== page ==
DUBLIN — Wealthy city-state Singapore is no longer the world’s most competitive economy, according to the Institute for Management Development (IMD), which on Thursday put Switzerland top of its 2021 World Competitiveness Ranking. Singapore topped the list for the previous two years and was the sole Asian representative in the top five, which was rounded out by Sweden, Denmark and the Netherlands. Though most European countries were hit hard by the coronavirus pandemic, measured by lives lost and case numbers, the Lausanne-based IMD said the continent’s economies “weather[ed] the health crisis better than most other regions,” with Switzerland ranked highest after it “kept a disciplined financial strategy.” Singapore’s fall from first to fifth came despite being it being relatively lightly hit by the pandemic – and was down to “problems with job losses, lack of productivity and the economic impact of the pandemic,” the IMD said.

Irish GDP up 7.8 per cent though local businesses hurt by lockdowns – dpa international

Retaliers deemed 'non essential' such as this sports shop, were not permitted to open during Ireland's pandemic lockdowns (Simon Roughneen)

DUBLIN — Ireland’s gross domestic product grew by 7.8 per cent in the first quarter of the year due to surging exports by multinational corporations, according to official estimates. However, gross national product, a measurement which cuts out multinationals, fell by 1 per cent quarter-on-quarter, the government’s Central Statistics Office (CSO) said on Friday. According to the CSO’s Jennifer Banim, “the tightening of Covid-19 related restrictions led to lower levels of economic activity for many of the sectors focused on the domestic market.” Ireland’s government lifted a third pandemic lockdown in May after almost five months of restrictions that were ranked among Europe’s harshest by the University of Oxford.

Ireland’s hospitals hit by ‘sophisticated’ cyberattack – dpa international

Sign for a coronavirus vaccination centre in the west of Ireland (Simon Roughneen)

DUBLIN — A cyberattack on Ireland’s Health Service Executive is “having a severe impact on our health and social care services today,” according to Health Minister Stephen Donnelly, with hospitals across the country battling disruptions. The University of Limerick Hospitals Group warned of “long delays” at its six facilities, while the Ireland East group said staff at its 11 hospitals were asking for “the public’s patience at this time.” Although emergency departments remain open, “delays should be expected while hospitals move to manual, offline processes,” the HSE said later on Friday. The National Maternity Hospital said “a major IT issue” would mean “significant disruption,” while Fergal Malone, master of the Rotunda Hospital, said the attack forced staff to “revert back to old-fashioned based record-keeping.”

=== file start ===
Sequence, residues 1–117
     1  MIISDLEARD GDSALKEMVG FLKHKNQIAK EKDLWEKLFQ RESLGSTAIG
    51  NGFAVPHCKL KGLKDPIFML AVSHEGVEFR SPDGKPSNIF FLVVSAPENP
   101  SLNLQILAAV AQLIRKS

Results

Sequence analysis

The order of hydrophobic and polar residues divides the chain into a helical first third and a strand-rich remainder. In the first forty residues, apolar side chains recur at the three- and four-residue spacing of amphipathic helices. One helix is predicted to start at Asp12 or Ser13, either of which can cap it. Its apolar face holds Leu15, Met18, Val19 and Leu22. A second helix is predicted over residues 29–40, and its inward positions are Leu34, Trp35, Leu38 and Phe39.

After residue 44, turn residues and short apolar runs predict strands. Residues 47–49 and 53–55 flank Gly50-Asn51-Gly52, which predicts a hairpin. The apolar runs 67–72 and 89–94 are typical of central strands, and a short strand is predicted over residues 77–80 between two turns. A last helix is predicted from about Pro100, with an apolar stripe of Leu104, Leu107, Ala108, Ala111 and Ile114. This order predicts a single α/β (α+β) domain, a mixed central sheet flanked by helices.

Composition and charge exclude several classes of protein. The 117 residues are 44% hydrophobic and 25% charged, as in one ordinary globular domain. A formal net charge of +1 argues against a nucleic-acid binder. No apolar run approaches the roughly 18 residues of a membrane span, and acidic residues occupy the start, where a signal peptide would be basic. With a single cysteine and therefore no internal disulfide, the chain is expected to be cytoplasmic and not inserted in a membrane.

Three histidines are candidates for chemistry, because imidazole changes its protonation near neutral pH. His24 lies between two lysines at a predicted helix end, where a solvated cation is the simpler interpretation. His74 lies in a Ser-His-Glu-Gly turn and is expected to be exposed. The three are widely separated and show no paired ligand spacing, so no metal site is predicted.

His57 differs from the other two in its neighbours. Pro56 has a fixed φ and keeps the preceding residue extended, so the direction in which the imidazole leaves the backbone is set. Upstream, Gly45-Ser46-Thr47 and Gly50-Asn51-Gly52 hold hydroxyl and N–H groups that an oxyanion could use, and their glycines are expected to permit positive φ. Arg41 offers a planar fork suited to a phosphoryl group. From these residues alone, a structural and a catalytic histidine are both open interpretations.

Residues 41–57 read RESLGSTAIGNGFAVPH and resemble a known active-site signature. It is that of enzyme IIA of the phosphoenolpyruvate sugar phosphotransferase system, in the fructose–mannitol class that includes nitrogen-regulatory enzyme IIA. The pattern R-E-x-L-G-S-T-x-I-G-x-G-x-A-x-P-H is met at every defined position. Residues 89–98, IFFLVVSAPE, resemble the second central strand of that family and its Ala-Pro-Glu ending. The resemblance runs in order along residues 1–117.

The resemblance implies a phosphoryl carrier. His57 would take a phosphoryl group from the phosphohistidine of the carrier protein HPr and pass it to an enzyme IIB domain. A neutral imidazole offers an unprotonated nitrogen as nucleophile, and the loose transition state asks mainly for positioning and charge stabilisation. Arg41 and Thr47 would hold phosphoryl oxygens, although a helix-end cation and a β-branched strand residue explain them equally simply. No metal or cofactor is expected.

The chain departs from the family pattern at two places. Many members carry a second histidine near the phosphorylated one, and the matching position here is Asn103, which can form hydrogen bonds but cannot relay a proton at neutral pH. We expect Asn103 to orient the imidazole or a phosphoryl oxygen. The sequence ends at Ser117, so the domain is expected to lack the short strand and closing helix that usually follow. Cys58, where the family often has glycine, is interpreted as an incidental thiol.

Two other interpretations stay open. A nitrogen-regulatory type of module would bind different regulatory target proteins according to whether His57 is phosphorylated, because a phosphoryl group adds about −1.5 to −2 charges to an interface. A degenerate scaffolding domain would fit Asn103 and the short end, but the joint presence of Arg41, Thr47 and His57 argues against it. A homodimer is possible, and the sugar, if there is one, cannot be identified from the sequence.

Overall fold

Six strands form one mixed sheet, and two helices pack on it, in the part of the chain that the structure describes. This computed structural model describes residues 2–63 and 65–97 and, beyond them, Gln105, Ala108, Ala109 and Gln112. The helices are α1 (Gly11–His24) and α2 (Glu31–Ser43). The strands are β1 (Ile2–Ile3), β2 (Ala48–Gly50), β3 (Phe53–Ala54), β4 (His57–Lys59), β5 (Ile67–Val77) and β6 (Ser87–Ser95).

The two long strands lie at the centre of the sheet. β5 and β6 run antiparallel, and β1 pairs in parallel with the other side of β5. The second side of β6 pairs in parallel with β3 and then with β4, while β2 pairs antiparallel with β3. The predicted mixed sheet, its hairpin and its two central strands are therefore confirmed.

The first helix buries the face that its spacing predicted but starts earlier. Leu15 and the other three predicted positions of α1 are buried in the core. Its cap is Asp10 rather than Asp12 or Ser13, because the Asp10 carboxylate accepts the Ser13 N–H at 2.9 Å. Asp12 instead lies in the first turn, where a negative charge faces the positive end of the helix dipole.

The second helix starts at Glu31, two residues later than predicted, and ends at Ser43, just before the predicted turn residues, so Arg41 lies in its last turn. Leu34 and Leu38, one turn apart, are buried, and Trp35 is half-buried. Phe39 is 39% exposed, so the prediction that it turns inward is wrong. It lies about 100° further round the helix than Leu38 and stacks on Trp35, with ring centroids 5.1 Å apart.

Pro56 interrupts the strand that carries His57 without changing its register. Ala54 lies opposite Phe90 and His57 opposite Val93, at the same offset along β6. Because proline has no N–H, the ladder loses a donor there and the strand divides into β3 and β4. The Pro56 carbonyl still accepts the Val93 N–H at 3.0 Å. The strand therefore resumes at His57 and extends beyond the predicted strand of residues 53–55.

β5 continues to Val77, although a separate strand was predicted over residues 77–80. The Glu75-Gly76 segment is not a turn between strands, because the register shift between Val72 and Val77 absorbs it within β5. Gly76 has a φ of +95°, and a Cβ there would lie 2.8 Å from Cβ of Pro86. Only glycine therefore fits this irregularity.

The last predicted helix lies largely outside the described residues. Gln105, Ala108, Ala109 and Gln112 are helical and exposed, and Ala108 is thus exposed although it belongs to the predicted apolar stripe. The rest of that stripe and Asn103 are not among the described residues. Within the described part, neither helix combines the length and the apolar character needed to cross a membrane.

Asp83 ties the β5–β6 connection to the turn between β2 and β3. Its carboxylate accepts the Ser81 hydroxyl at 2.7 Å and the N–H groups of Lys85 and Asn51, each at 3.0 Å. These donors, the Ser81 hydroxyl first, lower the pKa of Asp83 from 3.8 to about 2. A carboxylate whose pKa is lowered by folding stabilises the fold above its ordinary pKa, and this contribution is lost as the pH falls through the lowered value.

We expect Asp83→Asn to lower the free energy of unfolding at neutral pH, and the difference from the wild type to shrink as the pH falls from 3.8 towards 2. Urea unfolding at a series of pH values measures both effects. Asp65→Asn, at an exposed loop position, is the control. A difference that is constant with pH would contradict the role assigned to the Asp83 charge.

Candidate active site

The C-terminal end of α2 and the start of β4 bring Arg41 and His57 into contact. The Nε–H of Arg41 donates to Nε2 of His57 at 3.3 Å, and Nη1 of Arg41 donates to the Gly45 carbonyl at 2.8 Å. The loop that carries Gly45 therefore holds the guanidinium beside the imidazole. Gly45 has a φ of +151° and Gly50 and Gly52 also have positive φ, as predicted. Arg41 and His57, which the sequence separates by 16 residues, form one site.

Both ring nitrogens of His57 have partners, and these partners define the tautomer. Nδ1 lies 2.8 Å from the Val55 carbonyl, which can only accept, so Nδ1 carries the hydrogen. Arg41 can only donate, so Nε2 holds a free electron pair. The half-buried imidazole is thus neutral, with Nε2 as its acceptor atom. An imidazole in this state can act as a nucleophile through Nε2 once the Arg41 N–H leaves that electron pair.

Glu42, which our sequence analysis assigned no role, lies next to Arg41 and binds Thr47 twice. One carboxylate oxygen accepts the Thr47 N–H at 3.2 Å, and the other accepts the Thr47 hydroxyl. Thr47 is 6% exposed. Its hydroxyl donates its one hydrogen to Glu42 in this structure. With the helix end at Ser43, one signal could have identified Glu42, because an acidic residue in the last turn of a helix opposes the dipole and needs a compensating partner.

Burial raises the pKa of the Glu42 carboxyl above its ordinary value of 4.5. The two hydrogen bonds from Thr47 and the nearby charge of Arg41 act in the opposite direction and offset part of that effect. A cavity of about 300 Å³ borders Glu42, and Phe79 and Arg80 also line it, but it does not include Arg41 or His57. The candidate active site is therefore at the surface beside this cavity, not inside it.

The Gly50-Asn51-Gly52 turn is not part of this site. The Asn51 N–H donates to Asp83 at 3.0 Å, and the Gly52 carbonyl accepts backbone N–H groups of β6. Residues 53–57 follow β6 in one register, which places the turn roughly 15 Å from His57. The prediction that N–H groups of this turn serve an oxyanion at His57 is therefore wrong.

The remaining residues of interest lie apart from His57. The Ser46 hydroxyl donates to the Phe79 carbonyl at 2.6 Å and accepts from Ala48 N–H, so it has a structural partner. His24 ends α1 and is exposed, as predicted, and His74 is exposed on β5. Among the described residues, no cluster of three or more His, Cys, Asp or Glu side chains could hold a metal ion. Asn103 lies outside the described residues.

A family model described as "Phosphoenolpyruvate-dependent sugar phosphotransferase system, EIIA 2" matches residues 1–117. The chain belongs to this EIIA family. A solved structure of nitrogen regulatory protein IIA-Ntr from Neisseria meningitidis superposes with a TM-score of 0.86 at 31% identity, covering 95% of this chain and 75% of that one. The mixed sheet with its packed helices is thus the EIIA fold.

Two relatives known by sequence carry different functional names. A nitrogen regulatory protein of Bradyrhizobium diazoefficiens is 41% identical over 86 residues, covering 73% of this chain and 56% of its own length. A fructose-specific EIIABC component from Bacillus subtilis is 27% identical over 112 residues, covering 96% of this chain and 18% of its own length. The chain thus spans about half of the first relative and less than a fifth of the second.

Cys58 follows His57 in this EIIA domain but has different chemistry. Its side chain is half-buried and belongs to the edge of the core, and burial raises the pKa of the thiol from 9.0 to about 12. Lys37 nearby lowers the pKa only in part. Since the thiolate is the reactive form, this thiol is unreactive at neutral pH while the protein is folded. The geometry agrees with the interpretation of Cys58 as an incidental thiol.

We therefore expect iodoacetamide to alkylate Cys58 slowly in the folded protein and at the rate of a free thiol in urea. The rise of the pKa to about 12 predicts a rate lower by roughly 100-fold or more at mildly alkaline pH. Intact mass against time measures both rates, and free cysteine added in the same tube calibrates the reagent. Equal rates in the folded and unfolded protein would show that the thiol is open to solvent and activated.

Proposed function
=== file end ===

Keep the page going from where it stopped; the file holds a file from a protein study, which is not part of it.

Democracy undermined by pandemic restrictions, according to Council of Europe – dpa international

Restrictions have seen pubs such as this at the foot of Ireland's best-known pilgrimage mountain Croagh Patrick closed for most of the time since March 2020 (Simon Roughneen)

DUBLIN — Restrictions imposed to slow the coronavirus pandemic have “compounded” what the Council of Europe describes in a new report as “democratic backsliding” across the continent. According to Secretary General Marija Pejcinovic Buric, even “legitimate actions” by governments to deal with the virus have curtailed liberties “in ways that would be unacceptable in normal times.” “The danger is that our democratic culture will not fully recover,” Pejcinovic Buric warned.  The council’s 47 members, which include some of the countries hardest hit by the pandemic, have veered in and out of lockdowns of varying duration and severity since March 2020.

With most sports banned, Ireland’s long lockdown saw walkers step up – dpa international

Sports facilities such as this Gaelic Athletic Association (GAA) Centre of Excellence in Co. Mayo in the west of Ireland have been closed for most of the past year due to government restrictions (Simon Roughneen)

DUBLIN — Ireland’s recent third pandemic lockdown led to an increase in “recreational walking,” according to Sport Ireland, a government body, with the usual mist-laced winter gales blowing in from the Atlantic Ocean proving no deterrent to a population otherwise told to stay at home for months on end. The report said “overall levels of physical activity have increased on 2019 figures,” with the percentage of Irish adults “walking for recreation” climbing from 65 per cent before the pandemic to 76 per cent during the first quarter of 2021, slightly below the high reported during Ireland’s first lockdown last year. “Running and cycling experienced similar fluxes,” according to Sport Ireland, with the early 2021 step-up in numbers coming “despite a decrease in organised sport participation.” The lockdowns required people to mostly remain within five kilometres of home, another limit that seemingly did not deter walkers.